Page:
Mr. O'Dowd: I support the amendment. There is a strong principle involved, which I also support. In this modern world the old traditional ways of running companies and not involving the full participation of workers is outdated. We need a modern dynamic company, which Aer Rianta is. If and when the workers in that company have a full share and ownership in the company it will lead to a healthy involvement of the workforce. It gives them an extra interest in the affairs of the company. The more successful it is the more those shares will be valued, generating greater income.
A cement company in Drogheda has a share ownership scheme entailing payment in kind in shares, which makes a big difference to the workers. They feel much more a part of what is happening and are not separated from the administration of the company. The amendment provides that such schemes “shall not exceed 15 per cent of the total issued share capital of the company”. An acceptable figure could be negotiated. I see nothing wrong with providing for this in legislation. It is an entitlement which workers ought to have and which a positive, constructive business will want. It gives a proper role to workers and a proper recognition of their right to such role.
Mr. L. Fitzgerald: Nobody disagrees with the principle of issuing shares to employees. The Minister has rightly said it is not the principle that is at issue but the manner in which the amendment presents a case for legislating for the issuing of shares. That is a recipe for chaos. I caution Senator Costello and urge him to think again with regard to the manner in which he proposes the Minister should proceed. She has said she is in favour of the principle and that when the company moves forward after the enactment of the legislation she will encourage negotiation along these lines. There is a compact for constructive participation, so it is not as if the company's management and employees lack positive and progressive dialogue. It is a core feature of the way in which the company has moved forward.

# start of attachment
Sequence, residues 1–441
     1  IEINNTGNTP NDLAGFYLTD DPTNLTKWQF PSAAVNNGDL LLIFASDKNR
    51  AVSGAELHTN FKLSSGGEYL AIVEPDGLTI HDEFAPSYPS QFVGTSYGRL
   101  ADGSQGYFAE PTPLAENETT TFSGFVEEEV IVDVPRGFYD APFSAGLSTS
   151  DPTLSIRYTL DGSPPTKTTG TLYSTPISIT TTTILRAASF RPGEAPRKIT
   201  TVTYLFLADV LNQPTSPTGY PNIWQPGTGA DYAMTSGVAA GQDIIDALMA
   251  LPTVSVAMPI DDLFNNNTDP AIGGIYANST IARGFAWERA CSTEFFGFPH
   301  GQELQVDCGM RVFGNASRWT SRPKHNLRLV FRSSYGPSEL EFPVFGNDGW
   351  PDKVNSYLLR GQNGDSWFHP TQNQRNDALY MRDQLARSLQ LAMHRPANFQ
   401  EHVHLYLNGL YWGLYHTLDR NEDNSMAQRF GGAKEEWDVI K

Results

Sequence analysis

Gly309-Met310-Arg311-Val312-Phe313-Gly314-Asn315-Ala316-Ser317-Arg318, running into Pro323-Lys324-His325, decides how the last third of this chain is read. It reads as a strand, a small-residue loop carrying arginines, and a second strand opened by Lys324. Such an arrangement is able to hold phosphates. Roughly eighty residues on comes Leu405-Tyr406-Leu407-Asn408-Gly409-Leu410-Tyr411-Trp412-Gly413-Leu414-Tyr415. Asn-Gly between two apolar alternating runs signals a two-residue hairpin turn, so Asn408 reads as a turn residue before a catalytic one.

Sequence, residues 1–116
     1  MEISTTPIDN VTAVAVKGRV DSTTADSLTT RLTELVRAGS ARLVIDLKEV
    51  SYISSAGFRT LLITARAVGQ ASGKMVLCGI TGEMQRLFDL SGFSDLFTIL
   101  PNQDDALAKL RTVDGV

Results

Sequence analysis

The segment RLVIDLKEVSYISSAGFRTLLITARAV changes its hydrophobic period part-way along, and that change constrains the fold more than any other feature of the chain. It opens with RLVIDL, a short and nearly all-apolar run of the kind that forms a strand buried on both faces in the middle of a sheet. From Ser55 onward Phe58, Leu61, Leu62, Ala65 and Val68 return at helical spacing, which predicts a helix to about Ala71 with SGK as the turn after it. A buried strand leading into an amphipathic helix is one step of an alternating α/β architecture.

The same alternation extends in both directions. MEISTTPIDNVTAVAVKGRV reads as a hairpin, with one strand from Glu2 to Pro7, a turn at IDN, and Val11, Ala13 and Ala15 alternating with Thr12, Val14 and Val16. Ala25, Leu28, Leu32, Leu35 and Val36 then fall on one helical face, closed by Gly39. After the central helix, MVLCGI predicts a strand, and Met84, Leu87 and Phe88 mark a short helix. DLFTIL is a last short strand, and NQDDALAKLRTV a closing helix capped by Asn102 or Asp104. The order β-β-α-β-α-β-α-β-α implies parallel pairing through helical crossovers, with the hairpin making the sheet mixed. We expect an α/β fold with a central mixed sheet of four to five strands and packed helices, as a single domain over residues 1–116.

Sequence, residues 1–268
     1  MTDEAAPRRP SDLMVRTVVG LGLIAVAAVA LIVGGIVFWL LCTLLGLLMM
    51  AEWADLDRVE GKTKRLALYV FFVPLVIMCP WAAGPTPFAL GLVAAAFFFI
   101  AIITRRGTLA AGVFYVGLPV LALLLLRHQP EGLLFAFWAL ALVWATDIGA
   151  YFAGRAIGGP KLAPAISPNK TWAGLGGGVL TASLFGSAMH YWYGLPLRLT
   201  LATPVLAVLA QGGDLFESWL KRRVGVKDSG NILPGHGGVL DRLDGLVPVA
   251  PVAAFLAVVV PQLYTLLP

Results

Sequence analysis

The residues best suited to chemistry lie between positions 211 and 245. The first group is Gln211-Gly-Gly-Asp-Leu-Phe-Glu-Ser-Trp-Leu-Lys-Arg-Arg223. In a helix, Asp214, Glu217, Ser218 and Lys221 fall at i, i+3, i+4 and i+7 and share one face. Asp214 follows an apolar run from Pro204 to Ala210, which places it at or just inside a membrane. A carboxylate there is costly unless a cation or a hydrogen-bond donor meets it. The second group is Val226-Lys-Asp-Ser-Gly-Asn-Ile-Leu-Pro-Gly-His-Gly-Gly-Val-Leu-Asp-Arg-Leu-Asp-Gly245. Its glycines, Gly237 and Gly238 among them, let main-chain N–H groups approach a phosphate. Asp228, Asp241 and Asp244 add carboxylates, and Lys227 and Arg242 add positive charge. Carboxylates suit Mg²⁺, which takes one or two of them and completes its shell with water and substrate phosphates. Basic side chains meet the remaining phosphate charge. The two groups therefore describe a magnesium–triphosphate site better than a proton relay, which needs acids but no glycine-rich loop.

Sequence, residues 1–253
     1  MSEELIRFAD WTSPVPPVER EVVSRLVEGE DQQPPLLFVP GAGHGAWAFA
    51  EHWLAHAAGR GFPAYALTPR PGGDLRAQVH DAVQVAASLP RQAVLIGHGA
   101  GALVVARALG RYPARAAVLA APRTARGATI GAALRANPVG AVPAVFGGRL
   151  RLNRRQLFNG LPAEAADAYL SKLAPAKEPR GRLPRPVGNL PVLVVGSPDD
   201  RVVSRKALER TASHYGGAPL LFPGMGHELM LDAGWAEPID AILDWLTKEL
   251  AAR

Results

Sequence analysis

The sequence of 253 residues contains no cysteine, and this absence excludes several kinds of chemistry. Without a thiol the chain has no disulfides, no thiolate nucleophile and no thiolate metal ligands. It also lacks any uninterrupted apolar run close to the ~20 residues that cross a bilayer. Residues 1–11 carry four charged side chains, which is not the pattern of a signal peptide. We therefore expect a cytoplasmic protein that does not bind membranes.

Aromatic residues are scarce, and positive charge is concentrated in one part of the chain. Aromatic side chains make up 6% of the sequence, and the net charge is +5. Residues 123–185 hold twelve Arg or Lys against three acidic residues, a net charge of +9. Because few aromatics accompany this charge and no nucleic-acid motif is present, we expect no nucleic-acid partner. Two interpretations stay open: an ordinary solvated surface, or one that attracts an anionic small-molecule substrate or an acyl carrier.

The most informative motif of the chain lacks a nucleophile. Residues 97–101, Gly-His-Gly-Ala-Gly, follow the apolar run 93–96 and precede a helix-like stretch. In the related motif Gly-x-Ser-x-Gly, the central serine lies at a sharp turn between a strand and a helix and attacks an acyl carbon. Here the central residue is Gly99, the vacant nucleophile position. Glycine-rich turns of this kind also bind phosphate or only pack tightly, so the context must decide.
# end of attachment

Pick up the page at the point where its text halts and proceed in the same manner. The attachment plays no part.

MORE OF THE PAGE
I was disappointed the Labour Party did not make a significant contribution to the Bill on Second Stage. I would have thought the party, by definition, would have availed of a Second Stage debate to elucidate its views on the role of a very significant company in the semi-State sector. However, for reasons best known to itself — I  am sure it was busy with other matters, such as the leadership — it was unavailable to participate.
Mr. Costello: Senator Fitzgerald raised the matter. Apart from Senator Ross, Senators on both sides recognise that employees in semi-State companies should participate in some element of profit sharing.
Mr. Costello: I am pleased the Senator agrees with the amendment. The amendment states: “. The company may, subject to subsection (4), issue shares from time to time as part of one or more employee profit sharing schemes.”.
Mr. Costello: We are interested in both profit sharing and shares in equity and shares in the company. My preference is to protect the assets in the first instance with a holding company and to then proceed with an operational company. However, we do not have a plan and we are operating in an ad hoc manner. There is a different approach to every company. We should have a model which contains fundamental principles on the way we will deal with the semi-State sector.
Mrs. O'Rourke: Each company has strengths and weaknesses, different markets, types of employment and outlook. Some are better than others, some are more protected and some are subject to EU directives and legislation. To devise a plan specifying that companies must be treated in the same way goes back beyond Seán Lemass, who had a pragmatic approach to the way in which semi-State bodies should be conceived and run.
I am broadly in favour of the kind of proposal set out in the amendment. The previous Government was unable to agree the share scheme at Telecom Éireann. The Senator is entitled to put down an amendment but he is not entitled to pretend I am unfriendly to this idea; I am not. However, this is not the vehicle for it. There is a fine compact for constructive participation in Aer Rianta. In due course talks will proceed and a case will be made to management and to my Department.